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WMPO Tour Truck Report: MMT mania, Chez puts Ascent to the test, Hoffman goes the other way on his 60




Continuation of a theme: More players adding length.

CT Pan went to 46 inches in his TSi2 driver (9 degrees) with a Fujikura Ventus Red 6 X.

Richy Werenski to 46 inches in his TSi4 driver (9 degrees) with a Fujikura Ventus Red 6 X.

Russell Henley to TSi3 (10 degrees) from TSi4 with a KBS TD 80 Category 5.

Will Zalatoris replaced his trusty TS3 19-degree hybrid with a Titleist U500 3-iron. The new chicken stick has a Nippon Pro Modus3 Hybrid shaft.

Charles Howell III is progressing nicely into his Mitsubishi MMT iron shafts. After a solid second round at Torrey with the new sticks, he is now home at Isleworth CC testing further. Word is he is very happy with the dispersion across the board.

Vokey Wedge Rep (Aaron Dill)

“Conditions here are a little soft from rain and snow recently in the area. Wedge wise, we are seeing the usual fresh grooves as players have commented that the greens are not holding the ball as well as expected from the moisture they have around the course. “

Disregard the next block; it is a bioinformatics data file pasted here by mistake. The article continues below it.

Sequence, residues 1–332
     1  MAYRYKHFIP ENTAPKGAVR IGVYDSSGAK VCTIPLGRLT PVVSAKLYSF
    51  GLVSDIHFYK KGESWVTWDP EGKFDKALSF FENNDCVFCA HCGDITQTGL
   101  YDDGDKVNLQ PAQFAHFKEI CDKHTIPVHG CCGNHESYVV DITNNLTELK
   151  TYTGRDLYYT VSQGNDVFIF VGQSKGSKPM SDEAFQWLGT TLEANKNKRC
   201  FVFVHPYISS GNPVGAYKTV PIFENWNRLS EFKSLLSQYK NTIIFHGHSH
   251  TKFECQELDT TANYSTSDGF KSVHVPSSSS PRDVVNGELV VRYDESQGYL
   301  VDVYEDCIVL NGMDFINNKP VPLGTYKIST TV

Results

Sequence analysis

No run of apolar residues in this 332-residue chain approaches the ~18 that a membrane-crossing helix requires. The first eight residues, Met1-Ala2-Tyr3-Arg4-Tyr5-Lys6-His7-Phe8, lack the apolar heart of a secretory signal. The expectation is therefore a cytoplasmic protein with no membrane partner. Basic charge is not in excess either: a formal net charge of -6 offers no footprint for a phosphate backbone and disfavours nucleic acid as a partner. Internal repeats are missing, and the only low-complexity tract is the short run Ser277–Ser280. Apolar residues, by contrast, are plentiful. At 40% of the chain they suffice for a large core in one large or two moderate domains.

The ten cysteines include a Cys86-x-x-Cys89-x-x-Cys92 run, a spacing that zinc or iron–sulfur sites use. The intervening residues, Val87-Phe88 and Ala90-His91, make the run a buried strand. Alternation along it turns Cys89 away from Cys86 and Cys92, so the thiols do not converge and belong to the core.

Charley Hoffman is testing and possibly gaming a K Grind (60-06). Charley would normally game a 60-04L but said with the softer conditions a little forgiveness could be a nice thing to have. Spent time around the short game area and saw some excellent results. 


Scott Harrington ditched his G410 3-wood opting to adjust his 5-wood (16 degrees) to a stronger spec to fill the gap. The 5-wood has a Fujikura Ventus Blue 8 X shaft. He also added a G425 Crossover with a Fujikura Ventus Blue 9 X Hybrid shaft.

Gary Woodland is now in a Ping G425 LST 3-wood (14.5 degrees set at 13.6). Shaft: Accra Tour ZX 4100 M5 (42.5 inches, tipped 2.5 inches) and a Ping G425 Max 7-wood (20.5 degrees @19) with the Accra Tour ZX 4100 M5.

Stewart Cink switched into G425 LST (10.5 degrees) from the G410LST (10.5 degrees) he has had recent success with. The new driver has a Graphite Design Tour AD XC 6 TX (45.25″).

Cameron Champ put a stronger lofted i500 3-iron in the bag (17 degrees). Like his irons, it has a True Temper Dynamic Gold X7 shaft. 


Harold Varner (non-staffer) tested multiple variations of the SIM2 Max (10.5 degrees). Fujikura Motore X F1 6X, Ventus Black 6 TX, and Evo 7 6 X shafts. Not sure if any will make it in play but sounds like a Fuji party over there.

Chez Reavie (non-staffer) tested a SIM2 Max driver (9 degrees), SIM2 3-wood (15 degrees), and SIM2 5-wood (19 degrees) with Aldila Ascent Red 60 TX, 70 TX, 80 TX. He also put a SIM2 Hybrid (22 degrees) in the bag with MMT HY 90 TX. Not 100 percent sure if the driver will go in, but we will keep you posted.